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Random long long generator C++
Random long long using boost

I have an 8 bytes long buffer, i need to fill it pseudo-random bytes, how can i do it using C++ and maybe boost.

Thanks!

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marked as duplicate by Kerrek SB, Joe, BЈовић, Anup Cowkur, Ed Heal Dec 5 '12 at 11:35

This question has been asked before and already has an answer. If those answers do not fully address your question, please ask a new question.

4  
What have you tried? –  Joe Dec 4 '12 at 20:39
    
Is there a question you had? –  Nik Bougalis Dec 4 '12 at 20:41
3  
How many times are you going to ask this "question"? –  Captain Obvlious Dec 4 '12 at 20:42
    
@NikBougalis, yes, but i asked wrong question, i just need a random 8 bytes for C++ which would work for Windows and Linux, boost is disarable –  Roman Dec 4 '12 at 20:43
    
This question differs from the others in that it doesn't ask for cryptographic strength. So which do you really need? –  Mark Ransom Dec 4 '12 at 20:53

3 Answers 3

for(int i = 0; i < 8; i++)
    buffer[i] = rand();
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Try this:

#include <iostream>
#include <boost/random/random_device.hpp>
#include <boost/cstdint.hpp>

int main (int argc, char* argv[])
{
    boost::uint32_t buffer[2]; // 8 bytes

    boost::random::random_device rng;
    // generate wants 32-bit integers to fill which is why
    // we use boost::uint32_t here instead of char buffer[8] for example.
    rng.generate(buffer, buffer + 2);

    for (int i = 0; i < 2; ++i)
      std::cout << (int) buffer[i] << std::endl;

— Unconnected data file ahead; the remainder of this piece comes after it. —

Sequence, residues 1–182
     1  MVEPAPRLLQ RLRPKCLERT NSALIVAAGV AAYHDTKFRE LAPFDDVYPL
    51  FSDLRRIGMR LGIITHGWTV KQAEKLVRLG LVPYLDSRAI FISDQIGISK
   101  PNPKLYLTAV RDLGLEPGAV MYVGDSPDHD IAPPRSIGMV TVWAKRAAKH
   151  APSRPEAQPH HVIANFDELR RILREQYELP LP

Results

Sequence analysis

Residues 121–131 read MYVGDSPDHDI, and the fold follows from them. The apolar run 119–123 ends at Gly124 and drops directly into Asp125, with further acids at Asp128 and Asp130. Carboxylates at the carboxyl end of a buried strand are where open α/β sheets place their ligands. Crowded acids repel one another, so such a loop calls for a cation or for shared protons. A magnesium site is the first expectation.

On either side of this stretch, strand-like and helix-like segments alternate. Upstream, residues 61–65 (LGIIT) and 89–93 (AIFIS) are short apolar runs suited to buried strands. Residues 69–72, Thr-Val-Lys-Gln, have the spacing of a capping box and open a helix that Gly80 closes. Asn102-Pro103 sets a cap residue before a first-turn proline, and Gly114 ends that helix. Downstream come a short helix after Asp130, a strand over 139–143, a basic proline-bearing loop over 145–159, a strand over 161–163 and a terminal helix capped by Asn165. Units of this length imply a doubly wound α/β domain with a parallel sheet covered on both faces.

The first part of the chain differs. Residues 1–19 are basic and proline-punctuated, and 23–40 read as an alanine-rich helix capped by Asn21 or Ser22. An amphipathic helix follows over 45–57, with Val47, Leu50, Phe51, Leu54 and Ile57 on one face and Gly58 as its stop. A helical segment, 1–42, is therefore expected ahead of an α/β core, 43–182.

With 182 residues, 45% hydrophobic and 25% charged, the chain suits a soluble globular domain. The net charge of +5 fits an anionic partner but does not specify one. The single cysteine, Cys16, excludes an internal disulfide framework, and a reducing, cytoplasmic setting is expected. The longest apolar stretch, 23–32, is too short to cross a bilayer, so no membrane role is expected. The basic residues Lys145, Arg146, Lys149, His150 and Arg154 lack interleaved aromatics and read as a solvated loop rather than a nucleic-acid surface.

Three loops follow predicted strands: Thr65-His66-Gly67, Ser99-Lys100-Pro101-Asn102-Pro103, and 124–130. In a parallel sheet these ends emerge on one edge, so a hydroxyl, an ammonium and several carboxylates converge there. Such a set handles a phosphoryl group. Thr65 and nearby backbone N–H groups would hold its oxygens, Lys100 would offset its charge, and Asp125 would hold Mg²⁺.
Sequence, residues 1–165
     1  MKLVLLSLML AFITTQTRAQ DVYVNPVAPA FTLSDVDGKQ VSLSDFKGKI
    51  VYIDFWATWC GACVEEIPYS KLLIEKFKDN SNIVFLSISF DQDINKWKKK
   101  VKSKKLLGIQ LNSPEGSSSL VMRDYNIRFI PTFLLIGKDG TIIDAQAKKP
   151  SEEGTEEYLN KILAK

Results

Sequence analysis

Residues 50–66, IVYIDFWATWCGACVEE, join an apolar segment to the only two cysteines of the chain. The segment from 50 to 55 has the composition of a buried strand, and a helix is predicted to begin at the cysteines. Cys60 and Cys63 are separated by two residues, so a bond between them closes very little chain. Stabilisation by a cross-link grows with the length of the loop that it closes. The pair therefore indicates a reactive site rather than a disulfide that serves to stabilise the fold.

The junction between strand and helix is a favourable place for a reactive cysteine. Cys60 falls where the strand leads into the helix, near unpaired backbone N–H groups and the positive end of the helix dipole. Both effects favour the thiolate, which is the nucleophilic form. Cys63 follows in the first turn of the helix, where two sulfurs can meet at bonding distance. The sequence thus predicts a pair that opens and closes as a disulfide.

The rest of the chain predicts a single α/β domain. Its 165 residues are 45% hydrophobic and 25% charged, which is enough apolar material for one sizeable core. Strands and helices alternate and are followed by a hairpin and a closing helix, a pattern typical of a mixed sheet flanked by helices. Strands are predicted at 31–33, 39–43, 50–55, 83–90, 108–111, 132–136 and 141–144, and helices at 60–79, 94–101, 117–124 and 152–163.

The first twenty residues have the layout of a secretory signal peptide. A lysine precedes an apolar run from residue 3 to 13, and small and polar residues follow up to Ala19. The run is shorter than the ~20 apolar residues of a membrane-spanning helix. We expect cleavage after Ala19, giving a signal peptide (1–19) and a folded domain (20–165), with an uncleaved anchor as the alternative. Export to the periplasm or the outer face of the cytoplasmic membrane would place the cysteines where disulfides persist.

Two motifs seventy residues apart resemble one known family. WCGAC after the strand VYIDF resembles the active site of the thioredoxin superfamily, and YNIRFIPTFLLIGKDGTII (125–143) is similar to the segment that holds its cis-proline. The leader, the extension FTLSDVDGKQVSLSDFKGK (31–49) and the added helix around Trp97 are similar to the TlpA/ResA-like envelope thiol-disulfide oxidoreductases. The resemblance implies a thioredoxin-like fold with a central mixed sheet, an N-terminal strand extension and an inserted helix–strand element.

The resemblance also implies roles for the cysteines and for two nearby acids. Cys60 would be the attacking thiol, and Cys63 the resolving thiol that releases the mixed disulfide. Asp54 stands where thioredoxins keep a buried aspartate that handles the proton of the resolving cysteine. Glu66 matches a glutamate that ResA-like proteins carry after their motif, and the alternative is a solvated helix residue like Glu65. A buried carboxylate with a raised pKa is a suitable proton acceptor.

return 0;
}

I have not compile-tested this but from the reading the reference I gather it ought to be correct.

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For boost, check out http://www.boost.org/doc/libs/1_52_0/doc/html/boost_random.html (coincidentally, the first google result when searching for "boost random").

If you can compile using C++11, you could see if std::random_device will work. Check out http://www.cplusplus.com/reference/random/random_device/ for more details on that.

If neither of those will work, and you are sure you just want pseudo-random bytes and don't have specific security requirements: Grab some information from the machine you're running on that is not static (e.g. the current time, the process ID and a monotonically-increasing counter) stuff them all in a string (getting something like "1354654195-4710-1" as a result) and MD5 (or SHA-1) the contents of the string. You will get back 16 (or 20) bytes. Pick 8 of those, and stuff them in your buffer. Tada.

You should not use these techniques if you need this random buffer for cryptographic purposes.

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